Agtegra, the huge new farm co-operative, wants to land crop spraying planes on Hughes County roads, a company representative told the County Commission on April 1.

On Monday, April 15, the Commission was handed a resolution drafted by County Manager Kevin Hipple that would grant Agtegra “permission to use Hughes County roads for operations, take off, or landing aircraft so long as Agtegra assumes all liability for such operations, holds Hughes County harmless for any loss associated with Agtegra’s use of county roads, gets permission from Hughes County in advance for the specific roadways to be used, carries sufficient liability insurance and names Hughes County as an additional insured on their insurance coverage.”

The draft resolution continues on for another three pages spelling out conditions for Agtegra to follow.

Agtegra made national news when it began operating Feb. 1, 2018, based in Aberdeen, as the merger of two big long-time ag cooperatives into a really big one which has about 900 employees and 6,700 members and facilities in 60 communities, mostly east of the Missouri River and north of Interstate 90 in South Dakota, with a few in North Dakota.

The co-op has grain elevators and merchants and fertilizer plants and farm supplies and an army of agronomists, all aimed at giving farmers an edge in growing bigger and better crops. Including a squadron, or wing, of airplanes which put weed and bug killers and fertilizer and other nutrients on crops from the air when time is tight and fields might be too wet for tractors.

Agtegra has eight spray planes flying out of six locations: Harrold, Highmore, Webster, Huron, Clark and, added just recently, the airport at Mitchell, according to the company’s website.

Adding the Mitchell airport will provide services, such as spraying “nutrients, fungicides” and other products on farmers’ fields along the Interstate 90 corridor, said Craig Bair, Agtegra’s aerial operations manager, in the news release.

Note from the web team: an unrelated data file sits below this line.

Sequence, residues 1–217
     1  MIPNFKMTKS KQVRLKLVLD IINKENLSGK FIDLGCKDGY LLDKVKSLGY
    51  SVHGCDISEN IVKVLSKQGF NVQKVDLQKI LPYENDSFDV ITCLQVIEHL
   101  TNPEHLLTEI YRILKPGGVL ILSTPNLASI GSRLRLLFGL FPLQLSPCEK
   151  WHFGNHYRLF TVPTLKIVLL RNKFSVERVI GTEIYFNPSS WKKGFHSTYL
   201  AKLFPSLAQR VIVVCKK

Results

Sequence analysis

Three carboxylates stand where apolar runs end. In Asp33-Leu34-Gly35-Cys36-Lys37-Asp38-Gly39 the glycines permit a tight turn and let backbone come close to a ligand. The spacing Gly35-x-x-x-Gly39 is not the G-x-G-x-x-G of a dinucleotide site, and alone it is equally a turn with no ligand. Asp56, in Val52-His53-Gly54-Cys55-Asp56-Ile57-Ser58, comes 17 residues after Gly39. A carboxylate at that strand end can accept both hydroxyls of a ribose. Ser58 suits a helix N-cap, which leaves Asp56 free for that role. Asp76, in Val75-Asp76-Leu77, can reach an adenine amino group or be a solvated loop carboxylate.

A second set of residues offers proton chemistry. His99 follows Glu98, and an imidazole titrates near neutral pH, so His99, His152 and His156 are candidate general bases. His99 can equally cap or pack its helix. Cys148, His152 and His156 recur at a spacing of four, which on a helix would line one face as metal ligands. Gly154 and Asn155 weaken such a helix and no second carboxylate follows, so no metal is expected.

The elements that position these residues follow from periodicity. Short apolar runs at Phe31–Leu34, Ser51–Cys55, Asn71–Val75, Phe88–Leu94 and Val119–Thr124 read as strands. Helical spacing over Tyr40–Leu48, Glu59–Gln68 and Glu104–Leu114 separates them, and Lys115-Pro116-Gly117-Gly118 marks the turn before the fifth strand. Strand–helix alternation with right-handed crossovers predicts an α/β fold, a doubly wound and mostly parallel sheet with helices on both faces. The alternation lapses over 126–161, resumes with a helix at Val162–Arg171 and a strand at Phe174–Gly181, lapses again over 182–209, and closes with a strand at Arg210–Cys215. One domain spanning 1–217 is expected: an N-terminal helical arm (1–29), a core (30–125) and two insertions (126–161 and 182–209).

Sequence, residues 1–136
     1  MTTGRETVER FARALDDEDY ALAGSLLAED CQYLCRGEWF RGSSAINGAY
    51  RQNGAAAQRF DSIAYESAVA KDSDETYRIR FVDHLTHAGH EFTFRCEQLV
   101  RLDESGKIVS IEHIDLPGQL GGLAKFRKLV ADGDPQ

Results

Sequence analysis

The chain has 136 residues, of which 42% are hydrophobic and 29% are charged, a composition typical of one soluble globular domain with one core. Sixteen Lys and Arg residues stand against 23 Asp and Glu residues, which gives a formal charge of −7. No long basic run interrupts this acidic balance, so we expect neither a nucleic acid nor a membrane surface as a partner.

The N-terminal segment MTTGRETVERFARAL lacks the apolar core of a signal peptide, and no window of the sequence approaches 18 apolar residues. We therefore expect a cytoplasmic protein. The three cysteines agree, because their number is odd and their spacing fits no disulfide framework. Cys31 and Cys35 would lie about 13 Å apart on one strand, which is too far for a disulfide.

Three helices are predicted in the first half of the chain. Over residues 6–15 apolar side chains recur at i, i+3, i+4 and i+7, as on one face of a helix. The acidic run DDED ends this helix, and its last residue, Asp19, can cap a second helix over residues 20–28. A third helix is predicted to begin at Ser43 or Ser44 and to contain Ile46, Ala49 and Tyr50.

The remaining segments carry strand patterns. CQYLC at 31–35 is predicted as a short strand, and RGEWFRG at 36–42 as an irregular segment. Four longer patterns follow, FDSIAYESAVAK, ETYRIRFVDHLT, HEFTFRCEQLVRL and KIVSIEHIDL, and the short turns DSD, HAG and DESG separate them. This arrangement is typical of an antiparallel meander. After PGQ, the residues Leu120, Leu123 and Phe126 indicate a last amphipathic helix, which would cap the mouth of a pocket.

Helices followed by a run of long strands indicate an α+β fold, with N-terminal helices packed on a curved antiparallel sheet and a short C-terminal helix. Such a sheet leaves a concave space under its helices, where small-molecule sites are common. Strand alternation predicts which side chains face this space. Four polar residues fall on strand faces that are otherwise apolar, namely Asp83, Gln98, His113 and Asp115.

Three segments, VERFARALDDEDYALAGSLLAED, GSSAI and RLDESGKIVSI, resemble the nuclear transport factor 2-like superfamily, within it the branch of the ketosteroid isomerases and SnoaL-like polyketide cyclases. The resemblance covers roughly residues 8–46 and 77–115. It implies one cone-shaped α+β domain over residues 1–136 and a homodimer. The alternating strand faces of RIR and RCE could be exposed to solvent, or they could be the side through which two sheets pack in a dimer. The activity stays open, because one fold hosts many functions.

On April 1, Brodie Glanzer, one of Blair’s employees, was in Pierre and asked the Hughes County Commission if it would consider allowing the co-op’s spray planes to land on county roads near fields being sprayed, to be re-filled by a tanker truck. It could save miles of flying to the nearest airport and allow Agtegra to save its customers a few bucks per acre in spraying pesticides or nutrients on crops, Glanzer said.

The Agtegra aerial spraying crew would flag the road to keep traffic away and it would take only a few minutes to circle to make sure the coast was clear, touch down, load up and take off, Glanzer said.

He said the co-op does it in other counties in the state.

The first co-op’s first choice is using a small, nearby airport, but in some cases, being able to land and take off from low-traffic paved roads near crop fields could save time, fuel and farmers some money,  Glanzer said.

County commissioners had lots of questions, including who would be liable if a rocky road led to a rocky landing.

“I’m all for saving our ag guys money,”  Commissioner Randy Vance told Glanzer, with a smile. “But I don’t know if we are saving the ag guys money or are we saving you money?”

On Monday, April 15, Hipple told the Commission that Fort Pierre attorney Randy Seiler had approved the draft document.

No one from Agtegra was at Monday’s meeting.

“Agtegra has not reviewed it and asked if we could push it back to the next meeting,” Hipple said.

But Commissioner Norm Weaver said such a delay, even to study the new document drafted by Hipple, likely would waste everyone’s time.

He was against the idea in general and more details wouldn’t change his mind, Weaver said, in effect.

Vance said he, too, was not open to allowing airplanes to land on county roads.

Others chimed in with similar, short but dismissive declarations, saying the idea sounded too risky for the county.

“I move to deny the request,” Vance said. He got a quick second and a 5-0 vote to kill the idea.

Vance then, with an apologetic tone, thanked Hipple for spending so much time drafting the resolution filled with detailed restrictions only to see the Commission quickly deep-six it.


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